NAIROBI (Reuters) - Rwanda dismissed on Tuesday U.S. charges that it was supporting M23 rebels in neighboring Democratic Republic of Congo and said leveling accusations would not help pacify the region.
Western donors halted some aid to Rwanda last year after U.N. experts said Kigali was backing rebels in eastern Congo, a region racked by fighting since the 1990s that has in part been fuelled by a struggle to control rich mineral deposits there.
In a report last month, U.N. experts said M23 continued to recruit fighters in Rwanda with the aid of sympathetic Rwanda military officers, prompting Washington to say it was “deeply concerned” and to call for Rwanda to stop offering backing.
“Those whose policy is to keep pulling countries of the region into a conflict that is not of their making, we don’t think that is helpful,” Rwandan Foreign Minister Louise Mushikiwabo said. “Scapegoating is not going to help DRC.”
When asked if that amounted to a denial, she told Reuters in Nairobi: “I think my comment is very clear. There are many complex issues in Congo and those have to be looked at with a view to try to reach a peaceful situation in DRC.”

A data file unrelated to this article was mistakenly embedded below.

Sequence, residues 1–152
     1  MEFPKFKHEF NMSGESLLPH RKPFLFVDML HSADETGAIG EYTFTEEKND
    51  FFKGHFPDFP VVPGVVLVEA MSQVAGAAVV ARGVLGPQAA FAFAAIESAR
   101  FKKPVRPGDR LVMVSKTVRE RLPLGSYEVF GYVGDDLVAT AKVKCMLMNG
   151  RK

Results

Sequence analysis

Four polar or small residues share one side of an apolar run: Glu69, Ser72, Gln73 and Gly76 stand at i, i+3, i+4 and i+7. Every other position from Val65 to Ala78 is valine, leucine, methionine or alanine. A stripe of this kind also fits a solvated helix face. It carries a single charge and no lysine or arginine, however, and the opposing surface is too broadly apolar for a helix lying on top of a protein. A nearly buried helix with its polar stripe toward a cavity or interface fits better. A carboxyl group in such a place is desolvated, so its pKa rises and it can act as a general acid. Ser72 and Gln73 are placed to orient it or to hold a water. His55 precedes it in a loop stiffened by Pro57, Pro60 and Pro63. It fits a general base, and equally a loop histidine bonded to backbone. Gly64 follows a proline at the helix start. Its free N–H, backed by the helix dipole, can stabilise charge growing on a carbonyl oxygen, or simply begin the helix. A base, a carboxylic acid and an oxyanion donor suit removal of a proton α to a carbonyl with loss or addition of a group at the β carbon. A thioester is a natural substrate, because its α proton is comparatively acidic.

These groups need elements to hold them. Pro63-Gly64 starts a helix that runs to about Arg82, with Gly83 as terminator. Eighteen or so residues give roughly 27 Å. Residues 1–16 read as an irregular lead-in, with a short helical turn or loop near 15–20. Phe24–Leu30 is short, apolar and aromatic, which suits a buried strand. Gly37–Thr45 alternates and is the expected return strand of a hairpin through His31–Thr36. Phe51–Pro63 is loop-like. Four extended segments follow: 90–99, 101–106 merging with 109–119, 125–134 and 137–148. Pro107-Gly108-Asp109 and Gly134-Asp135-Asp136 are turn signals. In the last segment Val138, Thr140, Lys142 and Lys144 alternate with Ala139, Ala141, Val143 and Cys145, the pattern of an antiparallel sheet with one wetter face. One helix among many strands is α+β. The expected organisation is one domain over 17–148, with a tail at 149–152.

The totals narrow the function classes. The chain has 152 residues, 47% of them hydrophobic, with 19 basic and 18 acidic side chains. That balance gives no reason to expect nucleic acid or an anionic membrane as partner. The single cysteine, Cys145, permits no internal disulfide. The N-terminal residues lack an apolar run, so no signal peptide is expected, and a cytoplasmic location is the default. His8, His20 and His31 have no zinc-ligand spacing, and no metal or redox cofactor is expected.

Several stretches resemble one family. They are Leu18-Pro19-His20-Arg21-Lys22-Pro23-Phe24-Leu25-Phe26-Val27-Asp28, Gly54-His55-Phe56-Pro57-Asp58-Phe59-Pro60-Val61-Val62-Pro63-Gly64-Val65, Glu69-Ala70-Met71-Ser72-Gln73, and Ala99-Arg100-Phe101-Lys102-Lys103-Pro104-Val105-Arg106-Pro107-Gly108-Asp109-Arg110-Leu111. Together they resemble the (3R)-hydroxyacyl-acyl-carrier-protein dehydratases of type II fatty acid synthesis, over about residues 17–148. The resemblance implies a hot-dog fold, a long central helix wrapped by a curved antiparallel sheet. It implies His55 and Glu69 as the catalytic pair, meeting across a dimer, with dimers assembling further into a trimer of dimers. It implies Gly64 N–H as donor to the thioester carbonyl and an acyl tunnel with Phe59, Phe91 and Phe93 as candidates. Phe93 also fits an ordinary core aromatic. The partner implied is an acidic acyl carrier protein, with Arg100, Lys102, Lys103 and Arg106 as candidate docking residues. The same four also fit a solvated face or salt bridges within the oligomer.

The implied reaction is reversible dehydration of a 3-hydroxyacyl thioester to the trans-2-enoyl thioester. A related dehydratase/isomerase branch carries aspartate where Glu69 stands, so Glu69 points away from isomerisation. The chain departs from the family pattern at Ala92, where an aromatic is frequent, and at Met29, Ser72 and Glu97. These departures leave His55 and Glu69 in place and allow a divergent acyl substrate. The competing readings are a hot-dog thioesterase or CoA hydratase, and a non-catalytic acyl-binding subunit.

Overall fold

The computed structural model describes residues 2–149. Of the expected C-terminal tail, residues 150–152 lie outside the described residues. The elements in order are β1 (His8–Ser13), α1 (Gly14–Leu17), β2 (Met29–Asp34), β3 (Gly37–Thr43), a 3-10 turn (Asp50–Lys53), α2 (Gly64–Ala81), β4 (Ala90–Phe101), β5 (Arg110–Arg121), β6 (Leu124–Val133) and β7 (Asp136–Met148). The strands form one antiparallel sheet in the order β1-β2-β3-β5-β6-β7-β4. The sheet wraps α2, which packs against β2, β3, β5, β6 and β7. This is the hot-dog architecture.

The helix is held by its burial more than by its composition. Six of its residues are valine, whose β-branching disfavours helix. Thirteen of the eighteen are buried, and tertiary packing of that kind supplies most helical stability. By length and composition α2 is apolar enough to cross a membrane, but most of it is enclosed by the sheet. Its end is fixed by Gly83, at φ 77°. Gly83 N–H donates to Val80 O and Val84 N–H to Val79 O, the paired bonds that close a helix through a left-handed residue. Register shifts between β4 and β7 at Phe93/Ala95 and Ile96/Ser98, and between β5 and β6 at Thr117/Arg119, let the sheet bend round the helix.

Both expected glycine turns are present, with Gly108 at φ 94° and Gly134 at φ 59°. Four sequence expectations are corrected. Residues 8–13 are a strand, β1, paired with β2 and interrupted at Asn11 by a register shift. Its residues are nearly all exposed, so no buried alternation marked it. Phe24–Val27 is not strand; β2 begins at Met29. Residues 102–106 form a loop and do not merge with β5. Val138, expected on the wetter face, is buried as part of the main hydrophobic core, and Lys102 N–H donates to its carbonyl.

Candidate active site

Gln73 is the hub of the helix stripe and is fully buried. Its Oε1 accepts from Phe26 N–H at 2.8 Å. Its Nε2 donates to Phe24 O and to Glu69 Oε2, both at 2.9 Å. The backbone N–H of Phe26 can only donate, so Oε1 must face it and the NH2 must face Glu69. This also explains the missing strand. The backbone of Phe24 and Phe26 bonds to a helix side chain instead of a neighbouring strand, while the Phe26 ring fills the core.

Rwanda has in the past denied charges it backed the M23.
Mushikiwabo was speaking on the sidelines of a meeting of ministers from the Great Lakes region in the Kenyan capital, which included discussions about eastern Congo and regional efforts to broker peace between the rebel group and Kinshasa.
“What Rwanda is saying is there is no reason whatsoever for Rwanda to want instability outside its borders,” she said.
“The conflict in DRC has to do with many actors and many many players,” the Rwandan minister said. “Rwanda continues to do everything it can to reach that state of peace.”
U.S. Secretary of State John Kerry last week led a U.N. Security Council debate on the Great Lakes and urged 11 African nations which signed a February deal brokered by the United Nations on ending fighting to respect Congo’s sovereignty.
Alongside that peace initiative, Uganda has been hosting talks between Kinshasa and the M23 group.
Kenyan Foreign Minister Amina Mohamed told Reuters a draft deal had been given to Kinshasa and the rebels, and that representatives from both sides were expected to meet soon in the Ugandan capital to discuss it. She did not give a date.
But another delegate at the Nairobi meeting said the two sides remained far apart and little progress was being made in the Kampala talks.
The United Nations has deployed a 3,000-member U.N. Intervention Brigade to fight and disarm rebels in eastern Congo. The brigade is part of a 17,000-strong peacekeeping force, which has been stretched thin by the M23 rebellion.
Writing by Edmund Blair; Editing by Alistair Lyon